This is quite frankly the best book I have read in months and months An auto biographical account by Leo Marks of his time as the Head of Codes for Special Operations Executive, the British war department created to set Europe ablaze during WWII, it was unputdownable.That everything actually happened made the story even riveting I have always been interested in codes and ciphers, and I found Mark s descriptions of how they created codes and how they broke them fascinating Marks is such a wonder [...]

    15. Jamie Collins says:

      A fascinating memoir by WWII cryptographer Leo Marks, the son of one of the owners of the Marks Co antiquarian bookshop made famous by Helene Hanff s book 84, Charing Cross Road a nice read for bibliophiles At the age of 22 Marks was deemed unsuitable for Bletchley Park due to his originality and flippant sense of humor much in evidence in the book and was sent to work for the Special Operations Executive instead, where he supervised encoded messages to and from intelligence agents in the field. [...]

    16. Nathan says:

      A bloated, blathering account of what should have been a fascinating subject Marks s faults are manifold he never gives us a clear picture of how he solved codes and leaves us in the dark for most of the book as to the exact significance of codebreaking in relation to the war effort as a whole He s also rather full of himself, expecting us to be interested simply because being a codebreaker is Just So Cool , and constantly making tired attempts at wit in order to leaven his dull account 600 page [...]

    17. David Crosby says:

      Good grief, what an excellent read I d settled down for what I assumed would be a dry but interesting read Not at all, it was all about the characters, brought to life in a superb way I was enthralled from start to finish, and only realised at the end that I had also been learning code breaking Wow, will read again.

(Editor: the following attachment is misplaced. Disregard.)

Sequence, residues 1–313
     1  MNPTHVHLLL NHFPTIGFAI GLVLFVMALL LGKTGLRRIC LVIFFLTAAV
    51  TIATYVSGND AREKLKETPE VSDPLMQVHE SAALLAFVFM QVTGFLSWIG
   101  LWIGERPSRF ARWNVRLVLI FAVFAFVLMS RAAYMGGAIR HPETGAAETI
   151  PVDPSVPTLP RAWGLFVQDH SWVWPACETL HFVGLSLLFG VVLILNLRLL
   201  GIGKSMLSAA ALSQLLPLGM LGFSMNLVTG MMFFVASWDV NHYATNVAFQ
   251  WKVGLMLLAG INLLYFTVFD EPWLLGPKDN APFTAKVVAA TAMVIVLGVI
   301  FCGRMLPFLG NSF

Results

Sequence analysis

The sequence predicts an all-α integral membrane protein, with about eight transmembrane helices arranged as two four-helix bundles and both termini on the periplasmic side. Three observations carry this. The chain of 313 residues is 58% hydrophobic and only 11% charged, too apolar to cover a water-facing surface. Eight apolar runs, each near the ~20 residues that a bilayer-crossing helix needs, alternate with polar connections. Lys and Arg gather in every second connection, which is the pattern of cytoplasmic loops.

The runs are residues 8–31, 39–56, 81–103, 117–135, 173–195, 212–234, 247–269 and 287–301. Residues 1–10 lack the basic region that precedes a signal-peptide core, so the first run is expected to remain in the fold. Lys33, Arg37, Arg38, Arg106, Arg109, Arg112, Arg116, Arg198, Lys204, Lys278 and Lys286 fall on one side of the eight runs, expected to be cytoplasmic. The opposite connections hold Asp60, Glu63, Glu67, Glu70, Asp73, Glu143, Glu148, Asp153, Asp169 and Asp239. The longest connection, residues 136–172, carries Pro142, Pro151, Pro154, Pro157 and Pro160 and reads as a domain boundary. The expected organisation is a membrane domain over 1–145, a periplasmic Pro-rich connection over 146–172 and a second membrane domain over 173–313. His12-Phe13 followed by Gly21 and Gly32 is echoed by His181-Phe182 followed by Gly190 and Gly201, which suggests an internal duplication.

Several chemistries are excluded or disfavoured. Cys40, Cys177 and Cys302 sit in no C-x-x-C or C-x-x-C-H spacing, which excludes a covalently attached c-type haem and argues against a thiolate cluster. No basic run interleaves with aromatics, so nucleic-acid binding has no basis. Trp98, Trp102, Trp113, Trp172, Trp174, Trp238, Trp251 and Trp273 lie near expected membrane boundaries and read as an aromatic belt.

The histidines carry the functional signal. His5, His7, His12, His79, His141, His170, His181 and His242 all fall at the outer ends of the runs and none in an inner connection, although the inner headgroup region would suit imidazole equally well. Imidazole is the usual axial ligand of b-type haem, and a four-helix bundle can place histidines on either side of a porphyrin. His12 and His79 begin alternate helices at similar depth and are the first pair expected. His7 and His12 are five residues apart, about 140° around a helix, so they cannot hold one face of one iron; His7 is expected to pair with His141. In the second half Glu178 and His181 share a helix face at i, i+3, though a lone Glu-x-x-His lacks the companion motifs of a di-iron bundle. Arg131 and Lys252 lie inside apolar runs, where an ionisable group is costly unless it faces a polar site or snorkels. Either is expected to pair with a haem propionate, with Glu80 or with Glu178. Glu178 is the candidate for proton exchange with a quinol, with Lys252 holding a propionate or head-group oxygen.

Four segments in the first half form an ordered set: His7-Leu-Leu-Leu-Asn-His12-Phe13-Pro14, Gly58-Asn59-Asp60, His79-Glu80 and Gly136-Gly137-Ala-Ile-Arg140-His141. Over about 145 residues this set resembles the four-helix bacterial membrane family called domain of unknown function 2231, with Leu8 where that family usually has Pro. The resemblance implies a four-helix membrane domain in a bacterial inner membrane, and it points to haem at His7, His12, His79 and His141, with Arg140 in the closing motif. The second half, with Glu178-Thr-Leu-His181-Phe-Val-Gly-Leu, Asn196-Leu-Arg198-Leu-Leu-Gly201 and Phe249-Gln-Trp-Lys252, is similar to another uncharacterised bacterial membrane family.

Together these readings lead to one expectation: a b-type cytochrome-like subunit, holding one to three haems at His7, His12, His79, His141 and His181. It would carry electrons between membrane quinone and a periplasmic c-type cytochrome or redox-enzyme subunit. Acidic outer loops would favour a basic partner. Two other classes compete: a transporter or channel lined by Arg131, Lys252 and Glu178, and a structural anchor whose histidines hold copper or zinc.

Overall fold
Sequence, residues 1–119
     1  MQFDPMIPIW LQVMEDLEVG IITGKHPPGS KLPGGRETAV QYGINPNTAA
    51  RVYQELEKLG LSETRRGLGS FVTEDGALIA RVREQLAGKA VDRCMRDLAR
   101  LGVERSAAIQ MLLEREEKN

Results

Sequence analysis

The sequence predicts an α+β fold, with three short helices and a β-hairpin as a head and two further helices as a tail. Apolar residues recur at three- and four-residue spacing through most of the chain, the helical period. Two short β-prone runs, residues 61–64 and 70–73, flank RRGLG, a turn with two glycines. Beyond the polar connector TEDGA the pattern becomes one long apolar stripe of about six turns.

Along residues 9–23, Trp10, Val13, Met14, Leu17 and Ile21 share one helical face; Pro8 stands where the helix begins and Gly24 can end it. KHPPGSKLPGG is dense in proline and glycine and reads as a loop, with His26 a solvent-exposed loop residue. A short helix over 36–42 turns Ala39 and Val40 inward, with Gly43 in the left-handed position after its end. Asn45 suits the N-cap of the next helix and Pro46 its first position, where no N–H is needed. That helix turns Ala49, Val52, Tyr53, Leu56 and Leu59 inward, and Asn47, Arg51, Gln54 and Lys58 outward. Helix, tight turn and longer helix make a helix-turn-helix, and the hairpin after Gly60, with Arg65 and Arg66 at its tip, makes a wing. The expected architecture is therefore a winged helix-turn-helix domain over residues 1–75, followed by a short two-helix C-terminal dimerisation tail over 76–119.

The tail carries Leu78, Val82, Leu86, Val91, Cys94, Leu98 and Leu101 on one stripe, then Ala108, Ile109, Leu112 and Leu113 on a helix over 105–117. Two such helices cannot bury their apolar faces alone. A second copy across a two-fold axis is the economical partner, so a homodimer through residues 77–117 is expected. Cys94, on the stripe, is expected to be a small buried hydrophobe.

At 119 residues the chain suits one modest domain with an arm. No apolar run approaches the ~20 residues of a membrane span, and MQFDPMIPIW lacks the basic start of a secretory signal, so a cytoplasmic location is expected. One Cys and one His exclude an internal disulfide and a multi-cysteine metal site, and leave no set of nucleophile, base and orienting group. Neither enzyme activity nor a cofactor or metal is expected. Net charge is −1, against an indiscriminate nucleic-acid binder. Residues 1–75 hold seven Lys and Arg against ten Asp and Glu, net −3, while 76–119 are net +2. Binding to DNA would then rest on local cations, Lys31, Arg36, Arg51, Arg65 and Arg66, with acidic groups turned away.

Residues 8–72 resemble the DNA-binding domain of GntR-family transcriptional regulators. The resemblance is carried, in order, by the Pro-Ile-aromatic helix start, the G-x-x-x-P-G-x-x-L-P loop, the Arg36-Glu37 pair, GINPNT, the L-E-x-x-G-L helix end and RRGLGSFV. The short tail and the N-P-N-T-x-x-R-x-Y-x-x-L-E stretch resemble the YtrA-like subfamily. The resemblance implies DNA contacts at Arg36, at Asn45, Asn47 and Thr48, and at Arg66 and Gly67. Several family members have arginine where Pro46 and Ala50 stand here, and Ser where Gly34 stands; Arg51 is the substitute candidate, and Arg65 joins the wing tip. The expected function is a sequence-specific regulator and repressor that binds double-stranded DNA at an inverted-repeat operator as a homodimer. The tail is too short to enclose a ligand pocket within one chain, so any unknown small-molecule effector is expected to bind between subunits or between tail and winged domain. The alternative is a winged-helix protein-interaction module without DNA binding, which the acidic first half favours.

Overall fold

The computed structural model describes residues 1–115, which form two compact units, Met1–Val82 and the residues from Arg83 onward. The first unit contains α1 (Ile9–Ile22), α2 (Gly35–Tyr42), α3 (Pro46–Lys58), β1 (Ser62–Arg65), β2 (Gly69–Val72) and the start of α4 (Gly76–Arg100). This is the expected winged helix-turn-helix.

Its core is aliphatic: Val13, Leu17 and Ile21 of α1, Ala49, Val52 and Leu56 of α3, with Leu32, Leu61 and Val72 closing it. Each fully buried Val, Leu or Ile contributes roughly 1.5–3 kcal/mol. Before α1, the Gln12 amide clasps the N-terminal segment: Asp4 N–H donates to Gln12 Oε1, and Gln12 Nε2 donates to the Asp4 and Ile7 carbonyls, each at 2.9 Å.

18. Zella Kate says:

      I ve always been fascinated by cryptography and British espionage during WWII I blame repeatedly reading this book as a teenager book show 1 I stumbled across a reference to Marks s book recently and was surprised I had never heard of it before It s easily one of the best wartime memoirs I have ever read Though Marks was, essentially, deskbound for the duration of the war, his account of his time developing codes for the SOE a secret organization that instigated sabotage and organized partisan r [...]

    19. Jeffrey says:

      Take the cyanide it ll be humane than reading this mess If you care deeply about bureaucrtic intrigue in mid century British intelligence agencies, laced with bad poetry, endless puns, inside jokes, false modesty, and a hazy explanation of cryptography, this is your book I d have never finished this unedited excuse for a memoir had I not paid for it Let my pain be your salvation, and look elsewhere.

    20. Sean says: